These pages accompany Éric Gourgoulhon's lectures in the framework of the PSL Graduate Programs in Physics and in Astrophysics, jointly organized by the Doctoral Schools Physique en Île-de-France (ED 564) and Astronomie et Astrophysique d'Île-de-France (ED 127), from 10 May to 20 June 2023.

These lectures are devoted to various aspects of black hole physics, which are relevant both for contemporary astrophysics and for fundamental physics. The prerequisite is having followed an introductory course of general relativity, typically at the level of a master's degree. Doctorate students should register here.

The lectures are taking place in room CONF IV = E244 (*) of the ENS Physics Department, 24 rue Lhomond, 75005 Paris.

**Introduction: definition and main properties of black holes**, Wednesday 10 May, 9:00 - 12:30**Geometry of null hypersurfaces and Killing horizons**, Tuesday 16 May, 14:00 - 17:30**The Kerr black hole**, Tuesday 23 May, 14:00 - 17:30 (*)**Geodesics and images in the Kerr metric**, Tuesday 30 May, 14:00 - 17:30**Stationary black holes and the no-hair theorem**, Tuesday 13 June, 14:00 - 17:30**Black hole thermodynamics**, Wednesday 14 June, 9:00 - 12:30**Quasi-local approaches and Penrose's singularity theorem**, Tuesday 20 June, 14:00 - 17:30

(*) the lecture of 23 May is taking place in room L382 instead of CONF IV.

Lectures 1 and 2 set the theoretical framework and discuss the basic properties of black holes. In
particular, the concept of Killing horizon (Lecture 2) is central in the theory of stationary black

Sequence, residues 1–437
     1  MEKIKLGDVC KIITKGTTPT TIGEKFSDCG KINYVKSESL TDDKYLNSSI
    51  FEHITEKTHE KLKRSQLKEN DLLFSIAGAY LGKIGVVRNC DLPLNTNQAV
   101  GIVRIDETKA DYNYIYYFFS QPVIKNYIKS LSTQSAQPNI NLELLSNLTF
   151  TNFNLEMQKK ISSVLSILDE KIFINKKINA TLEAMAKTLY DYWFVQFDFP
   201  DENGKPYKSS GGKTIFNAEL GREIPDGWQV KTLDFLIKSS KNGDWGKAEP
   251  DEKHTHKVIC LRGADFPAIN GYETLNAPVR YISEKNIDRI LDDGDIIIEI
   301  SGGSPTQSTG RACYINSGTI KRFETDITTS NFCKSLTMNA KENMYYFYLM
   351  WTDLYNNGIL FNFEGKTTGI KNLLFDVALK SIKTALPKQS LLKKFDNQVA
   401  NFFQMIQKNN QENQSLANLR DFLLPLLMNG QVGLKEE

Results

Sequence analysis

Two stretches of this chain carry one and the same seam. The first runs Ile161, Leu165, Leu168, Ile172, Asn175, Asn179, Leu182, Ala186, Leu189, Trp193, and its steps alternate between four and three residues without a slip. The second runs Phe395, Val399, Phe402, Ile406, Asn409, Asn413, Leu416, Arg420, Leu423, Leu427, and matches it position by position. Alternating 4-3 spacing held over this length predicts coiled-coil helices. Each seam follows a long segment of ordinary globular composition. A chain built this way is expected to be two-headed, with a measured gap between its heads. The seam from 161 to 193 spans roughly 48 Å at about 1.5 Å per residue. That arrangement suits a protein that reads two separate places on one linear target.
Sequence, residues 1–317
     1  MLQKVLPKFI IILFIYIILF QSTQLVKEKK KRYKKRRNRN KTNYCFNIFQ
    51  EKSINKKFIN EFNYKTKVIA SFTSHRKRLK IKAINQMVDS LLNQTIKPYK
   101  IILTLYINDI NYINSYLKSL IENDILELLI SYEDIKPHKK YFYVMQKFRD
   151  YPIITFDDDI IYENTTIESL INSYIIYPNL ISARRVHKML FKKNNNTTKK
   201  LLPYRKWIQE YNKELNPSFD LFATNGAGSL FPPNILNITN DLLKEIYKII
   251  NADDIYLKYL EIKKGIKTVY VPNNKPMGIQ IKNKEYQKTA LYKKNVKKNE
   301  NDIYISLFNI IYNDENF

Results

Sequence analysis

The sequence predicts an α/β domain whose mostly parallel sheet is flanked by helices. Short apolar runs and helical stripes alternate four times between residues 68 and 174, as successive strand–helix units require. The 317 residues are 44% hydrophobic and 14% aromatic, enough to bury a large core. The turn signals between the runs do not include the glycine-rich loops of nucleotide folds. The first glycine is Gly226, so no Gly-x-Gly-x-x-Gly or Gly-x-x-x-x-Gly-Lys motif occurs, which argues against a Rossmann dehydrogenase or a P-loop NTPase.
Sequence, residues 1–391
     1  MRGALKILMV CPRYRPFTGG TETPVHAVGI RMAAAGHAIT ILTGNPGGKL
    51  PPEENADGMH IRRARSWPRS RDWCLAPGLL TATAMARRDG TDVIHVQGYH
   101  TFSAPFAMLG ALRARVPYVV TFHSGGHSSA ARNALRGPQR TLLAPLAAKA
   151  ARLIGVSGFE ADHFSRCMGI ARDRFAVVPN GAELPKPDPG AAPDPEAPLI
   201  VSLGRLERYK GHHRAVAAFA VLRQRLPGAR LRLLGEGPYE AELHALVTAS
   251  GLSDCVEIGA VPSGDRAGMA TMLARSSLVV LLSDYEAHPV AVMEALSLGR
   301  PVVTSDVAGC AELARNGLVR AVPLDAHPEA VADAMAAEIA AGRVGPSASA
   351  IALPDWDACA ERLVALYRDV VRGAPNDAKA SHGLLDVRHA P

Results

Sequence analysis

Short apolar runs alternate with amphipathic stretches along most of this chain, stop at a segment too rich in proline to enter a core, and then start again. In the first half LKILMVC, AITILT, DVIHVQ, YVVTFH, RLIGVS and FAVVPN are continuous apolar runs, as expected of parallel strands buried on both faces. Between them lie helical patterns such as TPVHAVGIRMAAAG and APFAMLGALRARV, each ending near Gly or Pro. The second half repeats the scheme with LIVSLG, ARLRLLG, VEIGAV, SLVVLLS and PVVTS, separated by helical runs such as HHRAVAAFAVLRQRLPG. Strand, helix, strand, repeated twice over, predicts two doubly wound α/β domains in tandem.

holes. Lectures 3 and 4 are quite relevant for astrophysics, since, by virtue of the no-hair theorem,
all isolated and stationary black holes in the Universe are expected to be Kerr black holes.
Notably Lecture 4 is devoted to the interpretation of the images of M87* and Sgr A* recently
obtained by the Event Horizon Telescope. On the other side, Lectures 5 to 7 are more theoretically
oriented. In particular, black hole thermodynamics is pivotal in the current approaches to
quantum gravity.
Keeping in mind applications to theoretical physics, the spacetime dimension *n* is kept general,
except in Lectures 3 and 4, where *n=4* is assumed. Similarly, it will be made clear whether a given
result is valid only in general relativity (i.e. relies on the Einstein equation) or remains true in
modified theories of gravity.

You will find here:

- the lecture notes, as well as their sources (LaTeX, Inkscape and SageMath files)
- the slides accompanying the lectures
- some SageMath notebooks implementing computations involved in the course